As you talk, you’ll live it all over again. In your mind, you’ll hear the fatigue in the voice of the overworked nurse who facilitated the phone calls because visits weren’t allowed because of COVID-19. You’ll remember the complaints about pain, through a bad phone connection, when you couldn’t do anything about it. You’ll feel the guilt. Of course, you won’t talk about that to the person who you missed, the person who didn’t know. They are in the freshness of grief. You’ll say she died peacefully on her own terms. But you’ll remember what death looked like. You’ll remember what death smelled like when they decided she was palliative, and you finally got to see her.

Every time you have to say it: “She passed away.” Every time someone reacts with shock and disbelief, you’ll be triggered. Sure, you wrote cathartically about forgiveness and imperfect love. But when you’re triggered, because you need to tell yet another person about the death, you won’t remember that. You’ll remember the time you lost your cool and made her cry, then looked in her eyes and realized that she was dying. You’ll remember all the days you could have done more, except you couldn’t, you just really couldn’t.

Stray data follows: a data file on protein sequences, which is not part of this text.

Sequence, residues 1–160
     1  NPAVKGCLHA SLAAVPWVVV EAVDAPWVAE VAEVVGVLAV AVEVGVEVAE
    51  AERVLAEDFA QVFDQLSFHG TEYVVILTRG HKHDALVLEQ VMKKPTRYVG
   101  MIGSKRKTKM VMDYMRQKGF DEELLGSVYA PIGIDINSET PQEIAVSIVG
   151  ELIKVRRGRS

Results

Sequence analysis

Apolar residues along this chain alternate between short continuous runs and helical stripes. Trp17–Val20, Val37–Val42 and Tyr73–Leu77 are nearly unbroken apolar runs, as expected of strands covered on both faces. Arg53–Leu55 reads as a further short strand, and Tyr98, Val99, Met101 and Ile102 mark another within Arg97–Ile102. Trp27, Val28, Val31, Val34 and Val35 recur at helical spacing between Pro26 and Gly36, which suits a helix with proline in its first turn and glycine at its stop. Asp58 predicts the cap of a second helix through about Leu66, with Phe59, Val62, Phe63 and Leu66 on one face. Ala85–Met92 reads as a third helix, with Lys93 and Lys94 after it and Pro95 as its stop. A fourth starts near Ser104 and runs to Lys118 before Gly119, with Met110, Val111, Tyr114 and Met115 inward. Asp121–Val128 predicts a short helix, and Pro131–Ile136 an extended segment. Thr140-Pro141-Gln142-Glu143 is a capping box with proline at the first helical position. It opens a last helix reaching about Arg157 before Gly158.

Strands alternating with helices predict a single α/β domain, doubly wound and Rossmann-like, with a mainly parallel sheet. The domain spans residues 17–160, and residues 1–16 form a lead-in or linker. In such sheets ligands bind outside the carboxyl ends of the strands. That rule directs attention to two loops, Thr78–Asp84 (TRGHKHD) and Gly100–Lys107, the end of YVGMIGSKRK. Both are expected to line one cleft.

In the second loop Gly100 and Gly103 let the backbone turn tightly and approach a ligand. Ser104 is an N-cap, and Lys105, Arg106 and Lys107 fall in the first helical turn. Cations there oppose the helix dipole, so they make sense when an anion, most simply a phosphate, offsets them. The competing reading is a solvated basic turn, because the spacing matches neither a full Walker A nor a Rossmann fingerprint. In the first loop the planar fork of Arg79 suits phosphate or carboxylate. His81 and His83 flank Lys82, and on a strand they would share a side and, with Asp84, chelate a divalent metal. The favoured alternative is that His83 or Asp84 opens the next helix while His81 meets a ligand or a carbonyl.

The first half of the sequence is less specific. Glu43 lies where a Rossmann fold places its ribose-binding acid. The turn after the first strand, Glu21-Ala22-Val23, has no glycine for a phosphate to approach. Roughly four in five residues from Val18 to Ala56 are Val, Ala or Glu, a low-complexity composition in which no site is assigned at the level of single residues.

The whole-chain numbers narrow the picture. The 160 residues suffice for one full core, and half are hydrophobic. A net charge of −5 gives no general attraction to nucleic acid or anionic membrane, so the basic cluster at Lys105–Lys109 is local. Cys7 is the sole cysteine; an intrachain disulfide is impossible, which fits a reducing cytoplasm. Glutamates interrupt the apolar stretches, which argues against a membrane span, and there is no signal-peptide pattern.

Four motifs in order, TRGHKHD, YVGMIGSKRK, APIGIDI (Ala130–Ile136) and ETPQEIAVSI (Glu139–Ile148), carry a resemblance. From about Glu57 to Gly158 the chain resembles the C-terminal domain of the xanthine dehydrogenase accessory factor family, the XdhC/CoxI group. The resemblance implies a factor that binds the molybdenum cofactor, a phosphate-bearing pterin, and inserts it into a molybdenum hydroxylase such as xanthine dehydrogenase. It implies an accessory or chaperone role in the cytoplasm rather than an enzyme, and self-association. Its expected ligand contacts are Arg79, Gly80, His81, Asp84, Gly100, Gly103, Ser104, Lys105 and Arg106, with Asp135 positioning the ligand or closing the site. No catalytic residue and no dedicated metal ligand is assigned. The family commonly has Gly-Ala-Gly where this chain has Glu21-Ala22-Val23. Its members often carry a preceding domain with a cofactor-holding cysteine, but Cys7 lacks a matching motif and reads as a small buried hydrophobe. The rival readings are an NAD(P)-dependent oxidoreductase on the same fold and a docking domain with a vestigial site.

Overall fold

Every time someone cries, you’ll cry with them.

But it still isn’t over, not if you are the Estate of. You spend hours mailing out death certificates. Even if you dutifully inform banks, government agencies and various offices within the tax and benefits machine, it won’t be over.

Months later, the cheques in her name will keep coming and you’ll keep writing letters asking that the cheques be stopped.